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Citigroup jumps the gun, announces capital intentions

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In a reasonable request, the Federal Reserve Board asked banks to hold off on announcing capital return plans until after the board rules "yea" or "nay" on specific plans. One might think that banks would be more than willing to honor this request in light of the humiliation some suffered when they suggested publicly that dividend hikes were on the way, only to see the Fed rebuff their plans, leaving them with lots of egg on the face.

Bank of America and Citigroup have both suffered in this ignominy in recent years. In the case of Citigroup last year, the bank flew way too close to the sun and failed to get approval for a plan to hike dividends, which tarnished the credibility of then-CEO Vikram Pandit and may have played a role in his eventual ouster.

While lots of banks pondered announcing their intentions quickly, only Citigroup has gone out on a limb. Despite the Fed's request, the bank has announced that it will seek permission to buyback $1.2 billion in stock, aiming to offset the effects of compensation plans, while leaving the current dividend intact. The bank made the announcement just minutes after the preliminary results of the stress tests, which do not offer any pass/fail pronouncements on specific capital plan requests, were released by the Fed.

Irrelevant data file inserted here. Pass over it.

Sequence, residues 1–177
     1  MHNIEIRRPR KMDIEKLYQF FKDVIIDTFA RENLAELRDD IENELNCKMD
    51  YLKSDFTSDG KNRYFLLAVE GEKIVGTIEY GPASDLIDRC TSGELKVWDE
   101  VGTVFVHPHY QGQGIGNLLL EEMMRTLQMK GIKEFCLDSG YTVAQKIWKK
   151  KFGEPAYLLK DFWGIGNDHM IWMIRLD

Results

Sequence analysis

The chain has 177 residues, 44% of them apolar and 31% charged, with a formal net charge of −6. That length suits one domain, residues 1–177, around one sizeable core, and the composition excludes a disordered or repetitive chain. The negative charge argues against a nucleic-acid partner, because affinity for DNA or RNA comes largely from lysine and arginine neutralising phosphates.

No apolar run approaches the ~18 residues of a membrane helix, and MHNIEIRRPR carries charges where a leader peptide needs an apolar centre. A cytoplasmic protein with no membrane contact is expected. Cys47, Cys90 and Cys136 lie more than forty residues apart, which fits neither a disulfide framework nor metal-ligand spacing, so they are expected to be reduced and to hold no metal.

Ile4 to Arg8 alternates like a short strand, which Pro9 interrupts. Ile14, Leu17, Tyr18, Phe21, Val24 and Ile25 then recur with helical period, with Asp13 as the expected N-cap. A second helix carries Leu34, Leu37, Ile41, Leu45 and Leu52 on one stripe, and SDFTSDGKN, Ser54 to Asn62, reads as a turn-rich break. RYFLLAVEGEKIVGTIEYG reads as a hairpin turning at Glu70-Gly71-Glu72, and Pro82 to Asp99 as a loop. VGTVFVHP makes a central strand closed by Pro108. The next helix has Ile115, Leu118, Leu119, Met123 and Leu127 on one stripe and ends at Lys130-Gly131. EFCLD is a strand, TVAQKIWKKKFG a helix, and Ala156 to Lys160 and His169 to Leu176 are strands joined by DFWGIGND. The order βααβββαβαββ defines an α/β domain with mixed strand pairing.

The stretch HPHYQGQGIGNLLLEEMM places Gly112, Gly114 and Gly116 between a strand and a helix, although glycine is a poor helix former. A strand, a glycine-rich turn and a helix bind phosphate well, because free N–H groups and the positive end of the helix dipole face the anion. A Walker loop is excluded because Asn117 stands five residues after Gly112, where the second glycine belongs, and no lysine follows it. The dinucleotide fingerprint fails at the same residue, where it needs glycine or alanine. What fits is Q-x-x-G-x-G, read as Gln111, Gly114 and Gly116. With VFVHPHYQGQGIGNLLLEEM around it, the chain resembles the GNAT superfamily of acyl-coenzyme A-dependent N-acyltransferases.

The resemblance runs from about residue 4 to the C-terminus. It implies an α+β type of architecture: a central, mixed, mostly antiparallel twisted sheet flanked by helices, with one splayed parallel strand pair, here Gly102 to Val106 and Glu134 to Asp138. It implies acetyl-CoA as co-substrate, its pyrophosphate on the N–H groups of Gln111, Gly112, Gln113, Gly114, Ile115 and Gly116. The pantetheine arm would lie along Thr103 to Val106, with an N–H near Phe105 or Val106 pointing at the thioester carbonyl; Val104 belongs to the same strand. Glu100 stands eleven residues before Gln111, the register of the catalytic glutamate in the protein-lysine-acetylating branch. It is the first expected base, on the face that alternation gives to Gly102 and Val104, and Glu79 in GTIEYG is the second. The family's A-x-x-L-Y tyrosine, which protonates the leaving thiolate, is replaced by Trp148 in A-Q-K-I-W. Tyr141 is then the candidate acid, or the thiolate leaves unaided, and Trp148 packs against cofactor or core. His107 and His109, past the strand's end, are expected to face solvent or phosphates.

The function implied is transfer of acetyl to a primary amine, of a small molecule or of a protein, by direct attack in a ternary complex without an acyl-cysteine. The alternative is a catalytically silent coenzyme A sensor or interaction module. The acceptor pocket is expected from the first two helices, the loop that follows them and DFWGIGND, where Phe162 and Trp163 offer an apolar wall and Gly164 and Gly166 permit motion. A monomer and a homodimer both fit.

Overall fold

You have to wonder if the bank is setting itself up for another humiliation by so boldly declaring its intentions. The upside of such a move is that it signals confidence perhaps and allows current CEO Michael Corbat to come across as aggressive and in charge. The bank can also serve to tamp down market rumors by definitively declaring its intentions.

The downside of course is that you alienate the Fed. And that you exacerbate the humiliation that would ensure if plans were not approved. Bloomberg quoted one analyst who said that, "Corbat would lose all credibility if he fails to get the capital plan approved."

My guess is that this will work out all right for the bank. It's fared very well in the initial round of the tests, which showed that its hypothetical capital ratio under the adverse conditions would come at a lofty 8.3 percent, tops among the largest U.S. banks.

While that has no doubt inspired confidence among Citigroup directors, it doesn't necessarily guarantee that the capital return plans will be approved. The fed just might find an issue to raise.

All in all, the bank might have been better off by waiting, though in the end, it likely will not matter. -Jim